Management Is Everything
If your pig urinates or defecates in places you would prefer he not, take a look at your home and how it is set up. Does your pig have too much access to areas where he might eliminate (if so, use puppy gates or ex-pens to close it off)? Is he unsupervised (a supervised pig is a safe pig!)? Is his litter box large enough (he must fit into it, right?) Clean enough? Accessible enough?
Work With His Natural Behavior
Pigs often urinate while they are drinking.
Pigs prefer to not defecate near where they eat or sleep, and do seem to prefer to defecate outdoors, in the same general location. Use this information when planning a litter station. Tofu has unlimited daytime access to a fenced yard large enough for both rooting and pooping.
|Four large puppy pads covers the pan nicely|
|I have a horse stall pad under the tray just in case of spills|
A word about training and your pig
Before Tofu came to live with us, I had read lots of articles about pot bellied pigs. Many articles included warnings regarding pig "misbehavior", like:
- you must show your pig who is boss or he will walk all over you
- pigs are stubborn
- pigs are smart and will look for ways to outsmart you
Behavior is behavior. It can be increased or decreased. Pigs (and dogs, donkey's, and goats!) "misbehave" because that behavior is being reinforced in some way. A good example is that of a well fed dog who counter-surfs when left alone. The dog has learned that yummy food is easily accessed when no humans are in the room to scold him.
Watch Your ABC'S!
A-antecedent (what happened)
B-behavior (what the animal does in response)
C-consequence (what the pay off is)
So, using this model, let's say:
Your pig sees you (A)
He then squeals (B)
You feed him (C)
As you can see you have likely just reinforced your pig to squeal for food! In fact, every minute of every day you are teaching your pig something, whether you wish to or not.
The good news is, this formula can be used to increase desired behavior, too. Any behavior (desirable or undesirable) that is rewarded is likely to be repeated.
But Chris, You Have a Good Natured Pig. Try Working With A Not-So-Nice One!
Again, behavior is behavior. Not-So-Nice-Pigs have learned to react to their world differently than easy going pigs, that's all. If those not-so-nice methods do not work for them any longer (and as long as the behaviors are not self-reinforcing), they will eventually extinguish by themselves. Now, obviously I am not talking about pigs who have have learned that BITING makes the scary human go away-for any pig that has reached this level of fear I recommend a qualified animal behaviorist's advice. Common sense, people!
So What Do You Mean?
Using our squealing pig as an example, let's say that you STOP feeding when the pig squeals. If the pig is using the squeal as an outlet for frustration, that behavior has become self-reinforcing and it will likely not stop on its own.
So Then What Do I Do?
You must then replace that behavior with another in order to decrease it. If the pig squeals as a signal to you to feed him alone (and not just to make himself feel better-see above regarding self-reinforcing behaviors) and you don't feed him, he will go through a period in which the squealing will (for a time) get even LOUDER ("Hey! Don't you hear me?!") This is called an "extinction burst".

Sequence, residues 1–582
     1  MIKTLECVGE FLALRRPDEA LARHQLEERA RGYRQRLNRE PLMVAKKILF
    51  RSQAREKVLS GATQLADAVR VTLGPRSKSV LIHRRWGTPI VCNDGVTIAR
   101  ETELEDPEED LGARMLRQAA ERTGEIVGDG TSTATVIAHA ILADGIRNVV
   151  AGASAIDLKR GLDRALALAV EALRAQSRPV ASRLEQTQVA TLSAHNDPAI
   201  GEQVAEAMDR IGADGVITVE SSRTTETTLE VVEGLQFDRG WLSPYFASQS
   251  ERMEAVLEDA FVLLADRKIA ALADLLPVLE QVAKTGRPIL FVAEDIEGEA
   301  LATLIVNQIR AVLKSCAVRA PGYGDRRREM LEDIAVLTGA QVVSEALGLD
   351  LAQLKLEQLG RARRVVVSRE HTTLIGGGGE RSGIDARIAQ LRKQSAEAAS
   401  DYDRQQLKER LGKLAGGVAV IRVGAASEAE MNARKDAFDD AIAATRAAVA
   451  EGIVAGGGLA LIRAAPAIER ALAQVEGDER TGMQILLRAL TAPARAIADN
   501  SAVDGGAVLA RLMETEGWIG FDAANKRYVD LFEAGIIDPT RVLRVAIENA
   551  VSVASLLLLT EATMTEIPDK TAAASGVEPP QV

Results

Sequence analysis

Human Analogy of An Extinction Burst
Think of how you would likely react if your up until now very reliable car will not start tomorrow morning. Would you turn the key once and say "Oh well. Car won't start. Ho hum"
Of course not! You would try the key again. And again. And again and again, until you finally throw your hands in the air and shout "AAAAARRRGH...stupid CAR! Why won't you START?!" You might even hit the steering wheel in frustration, right?
Eventually the anger and frustration wold pass and you would begin to look for a logical solution. If you never repair the starter, you may go back to your car and try starting it again a couple of times over the next few weeks/months/days, but eventually you would give up completely.
When we witness our pet going through an extinction burst we first of all do not recognize it for what it is because it stresses us out - no one likes to see their pet uncomfortable. We react to this outburst by thinking "Stubborn PIG-stop squealing!" It is a tough period of adjustment for both you and the learner, but...
This Too Shall Pass
Now, it is very important that during that period of extinction and afterwards that you never, never give in and repeat the reinforced behavior. If you do, you have just taught your pig that he must squeal for _____ minutes now, in order to get the food (or, reinforcement).
Do not learn this the hard way, trust me!
And granted, pigs, people, and dogs have individual personalities. Some are more easy-going than others. BUT-this I know for certain:
If you respect your learner (that means being aware of what frightens him-a frightened animal may bite-that is normal behavior), and you control all of the resources, and you are very careful about what behaviors you reinforce, you stand a good chance of having a well mannered pig. This, of course, assumes that your pig is in sound physical and mental health. Undoing years of poor training and unpleasant associations is not an easy task, to say the least, and a pig in pain due to illness or injury can be expected to be a bit cranky (just think how nasty a simple cold can make us!)